It is possible that a large proportion of those returned had become recusants or noncommunicants, since Queen Elizabeth's death, in the hope of a new dispensation. Indeed the first four years of James' reign saw some hopes for a measure of toleration.
However the discovery of the Gunpower Plot in 1605 led to a rapid hardening of his policy, and the passage through Parliament of fresh legislation against Catholics.
Edward Mostyn of Talacre was created the first baronet by Charles II on April 28 1670, the family having been staunch royalists.
The next two generations provided no less than three Jesuits. Andrew and John, who were both younger sons of Edward, were ordained in 1692 and 1693 while Pyers, a younger son of Sir Pyers the second bart, who ordained about 1715.
This tradition has been carried down the ages, Francis Mostyn being Vicar Apostolic of the Northern Province from 1840 to 1847, and another Francis was the first Archbishop of Cardiff from 1920 to 1939.
Mention must also be made of Mother Margaret Mostyn, a Carmelite nun, and her sister Mother Ursula, who achieved success when in 1648 the first distinctly English Filiation from Antwerp was made at Lierre.
The Fathers of the Order made every possible effort to prevent the foundation of this new English house, which, like the mother-house in Antwerp, was to be subject to the Bishop of that city.
They gave the nuns "unspeakable trouble" till at last the Internuncio reported the difficulty to the Holy See, and the English nuns were allowed to proceed with their foundation. They eventually moved to England.
Talacre continued as the home of the Mostyns for five hundred years each succeeding generation being brought up to speak both Welsh and English. Then in 1920 it was sold to a community of Benedictine nuns which themselves have a remarkable history which must be told.
In 1868 Mrs Hilda Stewart, who had done heroic work during the outbreak of cholera in Plymouth in 1848, conceived the idea of forming a community which should lead an enclosed and contemplative life and should follow the Rule of St Benedict.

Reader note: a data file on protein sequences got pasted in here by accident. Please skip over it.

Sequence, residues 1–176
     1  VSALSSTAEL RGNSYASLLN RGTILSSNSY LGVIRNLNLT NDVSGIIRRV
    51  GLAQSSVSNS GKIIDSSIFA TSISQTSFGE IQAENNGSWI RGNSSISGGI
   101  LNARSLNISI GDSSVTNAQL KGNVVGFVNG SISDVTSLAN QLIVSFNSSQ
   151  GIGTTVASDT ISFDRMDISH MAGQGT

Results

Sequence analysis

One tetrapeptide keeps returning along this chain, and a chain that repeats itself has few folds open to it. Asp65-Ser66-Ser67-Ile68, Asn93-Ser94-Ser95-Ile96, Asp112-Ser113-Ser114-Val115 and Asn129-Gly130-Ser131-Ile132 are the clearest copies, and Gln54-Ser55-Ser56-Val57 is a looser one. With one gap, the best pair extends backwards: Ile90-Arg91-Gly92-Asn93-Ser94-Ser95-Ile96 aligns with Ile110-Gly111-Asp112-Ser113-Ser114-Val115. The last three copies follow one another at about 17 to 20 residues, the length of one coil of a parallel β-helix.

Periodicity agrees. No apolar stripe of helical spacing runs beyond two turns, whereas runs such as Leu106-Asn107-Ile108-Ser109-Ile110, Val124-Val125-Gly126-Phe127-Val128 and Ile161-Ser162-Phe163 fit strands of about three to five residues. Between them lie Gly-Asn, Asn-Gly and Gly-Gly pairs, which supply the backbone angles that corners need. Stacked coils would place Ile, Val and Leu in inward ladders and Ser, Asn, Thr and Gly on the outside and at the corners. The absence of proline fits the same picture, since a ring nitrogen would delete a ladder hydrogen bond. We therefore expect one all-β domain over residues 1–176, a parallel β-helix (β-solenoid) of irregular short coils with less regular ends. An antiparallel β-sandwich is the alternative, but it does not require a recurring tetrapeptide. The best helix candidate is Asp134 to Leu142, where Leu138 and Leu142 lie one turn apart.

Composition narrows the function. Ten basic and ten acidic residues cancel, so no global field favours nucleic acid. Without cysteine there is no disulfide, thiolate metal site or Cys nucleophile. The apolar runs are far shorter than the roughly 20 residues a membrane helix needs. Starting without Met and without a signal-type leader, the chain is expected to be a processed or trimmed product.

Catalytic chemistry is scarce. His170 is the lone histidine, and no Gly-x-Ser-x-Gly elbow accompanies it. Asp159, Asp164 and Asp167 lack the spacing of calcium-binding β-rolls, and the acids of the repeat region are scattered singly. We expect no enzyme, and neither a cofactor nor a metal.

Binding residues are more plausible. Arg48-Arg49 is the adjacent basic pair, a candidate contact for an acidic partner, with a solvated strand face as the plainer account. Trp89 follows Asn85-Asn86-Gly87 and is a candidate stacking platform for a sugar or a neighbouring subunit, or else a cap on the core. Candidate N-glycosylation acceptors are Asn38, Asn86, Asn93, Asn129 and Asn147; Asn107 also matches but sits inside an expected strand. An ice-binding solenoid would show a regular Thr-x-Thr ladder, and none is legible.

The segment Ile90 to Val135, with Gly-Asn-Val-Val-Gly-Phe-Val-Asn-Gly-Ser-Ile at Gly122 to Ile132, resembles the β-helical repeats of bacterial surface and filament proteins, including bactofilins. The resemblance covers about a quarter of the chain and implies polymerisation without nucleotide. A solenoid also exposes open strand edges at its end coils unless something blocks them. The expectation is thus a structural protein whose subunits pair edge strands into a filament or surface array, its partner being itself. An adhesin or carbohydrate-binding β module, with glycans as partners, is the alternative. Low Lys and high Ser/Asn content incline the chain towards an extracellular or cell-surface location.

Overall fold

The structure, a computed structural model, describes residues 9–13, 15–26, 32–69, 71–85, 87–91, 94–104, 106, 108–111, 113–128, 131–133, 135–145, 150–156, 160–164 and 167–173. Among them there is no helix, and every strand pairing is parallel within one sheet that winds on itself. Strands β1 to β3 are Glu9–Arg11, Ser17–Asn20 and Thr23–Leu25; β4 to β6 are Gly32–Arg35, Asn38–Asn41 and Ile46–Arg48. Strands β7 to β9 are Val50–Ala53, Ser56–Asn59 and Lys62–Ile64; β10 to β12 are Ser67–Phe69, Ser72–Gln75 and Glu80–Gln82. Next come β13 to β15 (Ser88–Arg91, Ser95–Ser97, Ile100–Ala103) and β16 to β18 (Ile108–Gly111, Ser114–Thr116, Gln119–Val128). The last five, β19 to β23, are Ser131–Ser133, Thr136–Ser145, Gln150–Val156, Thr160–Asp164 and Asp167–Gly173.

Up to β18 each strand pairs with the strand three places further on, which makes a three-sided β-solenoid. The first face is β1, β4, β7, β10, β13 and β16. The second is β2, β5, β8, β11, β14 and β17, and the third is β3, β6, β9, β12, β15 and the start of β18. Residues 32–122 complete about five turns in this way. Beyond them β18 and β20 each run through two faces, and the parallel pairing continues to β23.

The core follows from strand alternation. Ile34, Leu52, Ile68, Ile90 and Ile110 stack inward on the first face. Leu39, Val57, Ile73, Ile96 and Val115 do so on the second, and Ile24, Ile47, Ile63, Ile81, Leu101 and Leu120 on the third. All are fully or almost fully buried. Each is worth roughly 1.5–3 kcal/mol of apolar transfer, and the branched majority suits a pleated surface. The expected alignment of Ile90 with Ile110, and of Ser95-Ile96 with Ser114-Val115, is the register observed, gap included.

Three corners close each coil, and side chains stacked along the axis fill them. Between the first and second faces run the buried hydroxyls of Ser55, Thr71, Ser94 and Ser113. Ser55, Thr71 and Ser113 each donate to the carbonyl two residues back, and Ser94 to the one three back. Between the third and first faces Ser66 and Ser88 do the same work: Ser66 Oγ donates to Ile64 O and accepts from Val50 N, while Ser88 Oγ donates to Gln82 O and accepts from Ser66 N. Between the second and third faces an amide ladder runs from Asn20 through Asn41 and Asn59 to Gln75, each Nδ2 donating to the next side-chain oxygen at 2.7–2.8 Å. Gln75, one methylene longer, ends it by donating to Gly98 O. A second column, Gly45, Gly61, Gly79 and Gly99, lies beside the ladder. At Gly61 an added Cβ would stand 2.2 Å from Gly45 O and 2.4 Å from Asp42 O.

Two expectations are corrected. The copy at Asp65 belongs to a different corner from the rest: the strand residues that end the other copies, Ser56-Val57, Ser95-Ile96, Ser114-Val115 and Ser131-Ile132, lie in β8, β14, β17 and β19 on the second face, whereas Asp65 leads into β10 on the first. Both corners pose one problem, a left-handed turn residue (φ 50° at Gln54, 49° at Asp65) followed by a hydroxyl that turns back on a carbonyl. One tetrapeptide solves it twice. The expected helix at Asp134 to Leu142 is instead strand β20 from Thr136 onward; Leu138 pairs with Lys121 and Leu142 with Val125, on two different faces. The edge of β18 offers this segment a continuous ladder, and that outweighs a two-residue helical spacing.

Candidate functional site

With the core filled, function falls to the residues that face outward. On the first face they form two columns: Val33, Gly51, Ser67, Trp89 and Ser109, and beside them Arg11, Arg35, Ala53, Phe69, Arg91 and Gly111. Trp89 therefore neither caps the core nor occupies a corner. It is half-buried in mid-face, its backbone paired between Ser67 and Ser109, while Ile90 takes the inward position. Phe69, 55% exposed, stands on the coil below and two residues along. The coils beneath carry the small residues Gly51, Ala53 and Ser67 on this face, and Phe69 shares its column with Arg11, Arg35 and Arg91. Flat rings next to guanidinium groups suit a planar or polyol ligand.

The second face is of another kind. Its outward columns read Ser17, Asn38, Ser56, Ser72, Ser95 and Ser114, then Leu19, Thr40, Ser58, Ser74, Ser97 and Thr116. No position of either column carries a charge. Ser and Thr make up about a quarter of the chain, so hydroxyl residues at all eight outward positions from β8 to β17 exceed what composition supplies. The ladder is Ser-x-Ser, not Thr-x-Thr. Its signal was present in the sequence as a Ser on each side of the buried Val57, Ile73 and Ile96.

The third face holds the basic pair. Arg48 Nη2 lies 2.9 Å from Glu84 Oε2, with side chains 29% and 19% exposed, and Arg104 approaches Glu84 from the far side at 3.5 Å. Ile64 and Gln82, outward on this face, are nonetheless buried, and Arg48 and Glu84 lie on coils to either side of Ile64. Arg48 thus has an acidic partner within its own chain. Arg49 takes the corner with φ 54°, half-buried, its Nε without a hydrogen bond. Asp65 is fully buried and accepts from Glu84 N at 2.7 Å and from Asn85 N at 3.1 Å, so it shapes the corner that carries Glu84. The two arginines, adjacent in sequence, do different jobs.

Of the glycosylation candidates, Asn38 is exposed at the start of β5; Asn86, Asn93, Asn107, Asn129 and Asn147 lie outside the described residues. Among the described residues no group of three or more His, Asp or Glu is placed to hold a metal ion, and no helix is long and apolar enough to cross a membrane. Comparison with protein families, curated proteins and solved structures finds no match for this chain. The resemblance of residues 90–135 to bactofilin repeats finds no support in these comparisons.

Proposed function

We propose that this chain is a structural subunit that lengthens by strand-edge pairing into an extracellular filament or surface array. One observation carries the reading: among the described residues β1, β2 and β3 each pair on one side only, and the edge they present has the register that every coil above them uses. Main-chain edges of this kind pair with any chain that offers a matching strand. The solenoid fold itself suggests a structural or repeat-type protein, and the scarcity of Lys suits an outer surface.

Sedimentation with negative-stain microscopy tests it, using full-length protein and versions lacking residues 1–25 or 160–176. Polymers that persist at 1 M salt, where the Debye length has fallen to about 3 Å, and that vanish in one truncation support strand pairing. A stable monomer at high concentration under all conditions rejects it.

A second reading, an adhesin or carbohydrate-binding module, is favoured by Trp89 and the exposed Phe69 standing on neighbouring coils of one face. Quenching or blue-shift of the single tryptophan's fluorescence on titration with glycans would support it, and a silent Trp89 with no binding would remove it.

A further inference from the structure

This was quite unheard of in the Church of England. However, it all came to pass and then in 1912 the most astonishing thing happened. The whole community decided to become Catholics.
On February 26, Dom Bede Camm, who had not seen the community since his conversion, arrived at St Bride's to congratulate them on their decision and to speak to them of Catholicism and the Catholic Church.
On Laetare Sunday, March 2 henceforth to be a red-letter day in the annals of the community, Holy Mass was sung for the first time at St Bride's by Abbot Avignon of Caermaria. Before Mass he blessed the vestments and the whole church.
On Thursday, March 6, Bishop Mostyn of Menevia arrived accompanied by Abbot Butler of Downside and Dom Bede Camm. The nuns were questioned separately to ascertain that no pressure was being put upon them. The following day the Bishop installed the Blessed Sacrament in the Tabernacle and that afternoon Abbess Scholastica and twenty-five of her daughters knelt before the grille in the presence of the Blessed Sacrament and were received by him into the Church.
So the present 14th baronet, Sir Jeremy Mostyn, traces his family history over 1646 years, many more than the Hapsburgs with 956 and the Saxe Coburgs with 872. What a record!
Note: I would like to acknowledge the assistance of The Hon Georgina Stonor and Catholic Recusancy in the Counties of Denbigh, Flint and Montgomery 1585-1615 by E Gwynne Jones MA.